2010 Florida Citrus Pest Management Guide: Brown Rot of Fruit

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Management of brown rot, caused by Phytophthora nicotianae or P. palmivora, is needed on both processing and fresh market fruit. While the disease can affect all citrus types, it is usually most severe on Hamlin and other early maturing sweet orange cultivars.

Phytophthora brown rot is a localized problem usually associated with restricted air and/or water drainage. It commonly appears from mid-August through October following periods of extended high rainfall. It can be confused with fruit drop due to other causes at that time of the year. If caused by P. nicotianae, brown rot is limited to the lower third of the canopy because the fungus is splashed onto fruit from the soil. P. palmivora produces airborne sporangia and can affect fruit throughout the canopy.

Early-season inoculum production and spread of Phytophthora spp. are minimized with key modifications in cultural practices. Skirting of the trees reduces the opportunity for soil-borne inoculum to contact fruit in the canopy. The edge of the herbicide strip should be maintained just inside of the dripline of the tree to minimize the exposure of bare soil to direct impact by rain. This will limit rain splash of soil onto the lower canopy. Blocks with overhead irrigation should be converted to undertree microsprinklers to avoid the promotion and spread of inoculum in the canopy. Boom application of herbicides and other operations dislodge low-hanging fruit. Fruit on the ground becomes infected and produces inoculum of P. palmivora that can result in brown rot infection in the canopy as early as July while fruit are still green. The beginning stages of the epidemic are very difficult to detect before the fruit are colored and showing typical symptoms. Application of residual herbicides earlier in the summer may reduce the need for post-emergence materials later and minimize fruit drop throughout this early stage of inoculum production from fallen fruit.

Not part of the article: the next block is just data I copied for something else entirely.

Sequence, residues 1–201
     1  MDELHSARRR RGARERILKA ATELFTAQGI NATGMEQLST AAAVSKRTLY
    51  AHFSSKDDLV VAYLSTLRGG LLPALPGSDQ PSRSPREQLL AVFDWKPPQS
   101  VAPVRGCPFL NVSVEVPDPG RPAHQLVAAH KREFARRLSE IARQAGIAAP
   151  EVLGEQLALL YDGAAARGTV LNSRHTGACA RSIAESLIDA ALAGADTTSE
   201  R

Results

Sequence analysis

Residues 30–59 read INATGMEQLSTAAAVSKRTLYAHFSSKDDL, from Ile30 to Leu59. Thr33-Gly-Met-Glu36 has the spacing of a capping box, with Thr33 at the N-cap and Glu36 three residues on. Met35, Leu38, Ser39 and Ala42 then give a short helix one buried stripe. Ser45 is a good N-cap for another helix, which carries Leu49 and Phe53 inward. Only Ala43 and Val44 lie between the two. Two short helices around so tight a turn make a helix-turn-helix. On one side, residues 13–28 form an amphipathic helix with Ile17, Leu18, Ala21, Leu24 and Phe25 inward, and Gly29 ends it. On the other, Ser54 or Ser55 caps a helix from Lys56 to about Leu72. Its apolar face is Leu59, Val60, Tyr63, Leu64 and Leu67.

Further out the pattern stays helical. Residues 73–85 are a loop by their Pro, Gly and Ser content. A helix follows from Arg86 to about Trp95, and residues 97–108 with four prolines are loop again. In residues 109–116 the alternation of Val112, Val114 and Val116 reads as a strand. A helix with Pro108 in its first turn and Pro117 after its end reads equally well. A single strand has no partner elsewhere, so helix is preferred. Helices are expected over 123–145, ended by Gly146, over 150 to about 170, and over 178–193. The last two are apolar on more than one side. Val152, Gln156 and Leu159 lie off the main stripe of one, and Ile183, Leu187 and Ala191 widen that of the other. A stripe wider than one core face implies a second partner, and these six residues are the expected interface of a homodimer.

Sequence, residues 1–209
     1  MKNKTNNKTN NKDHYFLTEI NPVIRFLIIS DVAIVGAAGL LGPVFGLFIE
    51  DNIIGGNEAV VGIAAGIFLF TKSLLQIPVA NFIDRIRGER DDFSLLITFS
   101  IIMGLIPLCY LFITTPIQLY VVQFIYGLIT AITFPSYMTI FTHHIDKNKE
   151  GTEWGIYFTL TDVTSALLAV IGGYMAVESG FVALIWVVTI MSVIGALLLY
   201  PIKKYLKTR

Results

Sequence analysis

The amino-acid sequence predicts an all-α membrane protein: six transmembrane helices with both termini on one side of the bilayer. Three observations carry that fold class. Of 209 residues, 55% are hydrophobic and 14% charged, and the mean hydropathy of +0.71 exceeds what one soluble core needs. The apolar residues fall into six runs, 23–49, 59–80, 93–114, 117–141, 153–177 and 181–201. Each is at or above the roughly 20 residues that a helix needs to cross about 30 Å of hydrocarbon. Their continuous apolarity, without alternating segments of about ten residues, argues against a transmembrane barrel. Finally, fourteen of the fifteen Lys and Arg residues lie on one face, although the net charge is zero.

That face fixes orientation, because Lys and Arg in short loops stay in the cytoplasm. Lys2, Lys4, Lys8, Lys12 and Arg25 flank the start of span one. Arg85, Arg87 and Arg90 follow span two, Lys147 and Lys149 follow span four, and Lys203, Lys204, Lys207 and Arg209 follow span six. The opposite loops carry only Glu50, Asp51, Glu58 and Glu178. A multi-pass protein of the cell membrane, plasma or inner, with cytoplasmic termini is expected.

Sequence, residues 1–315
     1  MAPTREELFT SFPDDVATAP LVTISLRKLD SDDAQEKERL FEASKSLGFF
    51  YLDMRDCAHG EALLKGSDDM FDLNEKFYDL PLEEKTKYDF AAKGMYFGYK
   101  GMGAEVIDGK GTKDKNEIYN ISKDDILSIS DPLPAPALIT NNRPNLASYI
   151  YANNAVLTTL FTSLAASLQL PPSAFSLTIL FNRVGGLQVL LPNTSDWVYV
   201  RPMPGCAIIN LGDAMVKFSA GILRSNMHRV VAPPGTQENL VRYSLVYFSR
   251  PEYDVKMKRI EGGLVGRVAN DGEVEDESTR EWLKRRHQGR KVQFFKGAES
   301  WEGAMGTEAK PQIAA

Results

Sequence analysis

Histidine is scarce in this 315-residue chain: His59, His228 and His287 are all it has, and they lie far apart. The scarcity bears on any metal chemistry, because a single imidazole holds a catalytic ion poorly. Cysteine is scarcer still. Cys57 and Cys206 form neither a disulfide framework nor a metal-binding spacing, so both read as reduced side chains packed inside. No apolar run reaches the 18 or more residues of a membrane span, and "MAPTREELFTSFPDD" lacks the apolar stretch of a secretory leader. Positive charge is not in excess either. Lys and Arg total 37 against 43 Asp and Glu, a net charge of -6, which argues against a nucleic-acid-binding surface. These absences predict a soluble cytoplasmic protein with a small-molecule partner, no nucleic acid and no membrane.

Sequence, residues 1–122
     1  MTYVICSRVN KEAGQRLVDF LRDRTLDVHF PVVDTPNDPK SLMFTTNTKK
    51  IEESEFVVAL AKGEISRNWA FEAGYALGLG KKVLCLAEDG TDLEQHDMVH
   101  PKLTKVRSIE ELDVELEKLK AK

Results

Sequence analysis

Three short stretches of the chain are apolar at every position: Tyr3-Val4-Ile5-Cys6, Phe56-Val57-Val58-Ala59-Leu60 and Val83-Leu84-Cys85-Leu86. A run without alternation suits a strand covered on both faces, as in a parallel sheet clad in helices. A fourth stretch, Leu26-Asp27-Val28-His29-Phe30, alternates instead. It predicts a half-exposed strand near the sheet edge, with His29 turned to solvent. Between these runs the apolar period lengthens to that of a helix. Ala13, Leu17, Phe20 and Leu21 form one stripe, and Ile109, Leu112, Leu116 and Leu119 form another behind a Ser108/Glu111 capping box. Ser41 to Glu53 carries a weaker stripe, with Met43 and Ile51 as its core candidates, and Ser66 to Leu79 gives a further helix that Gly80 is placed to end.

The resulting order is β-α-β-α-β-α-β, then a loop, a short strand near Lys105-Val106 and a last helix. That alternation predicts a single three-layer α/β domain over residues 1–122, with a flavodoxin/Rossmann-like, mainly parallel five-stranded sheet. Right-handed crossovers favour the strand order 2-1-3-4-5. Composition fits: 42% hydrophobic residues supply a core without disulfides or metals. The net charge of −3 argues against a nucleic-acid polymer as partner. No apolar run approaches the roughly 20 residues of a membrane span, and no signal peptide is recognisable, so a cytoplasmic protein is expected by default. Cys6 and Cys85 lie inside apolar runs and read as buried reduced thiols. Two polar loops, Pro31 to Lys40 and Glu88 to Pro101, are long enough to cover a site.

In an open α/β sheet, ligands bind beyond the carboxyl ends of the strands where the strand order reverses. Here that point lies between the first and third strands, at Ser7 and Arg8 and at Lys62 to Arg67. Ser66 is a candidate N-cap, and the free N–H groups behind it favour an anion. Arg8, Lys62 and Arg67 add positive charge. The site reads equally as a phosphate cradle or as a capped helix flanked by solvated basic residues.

Authors: 
J.H. Graham
Authors: 
L.W. Timmer
Publisher: 
University of Florida IFAS Extension
Year: 
2010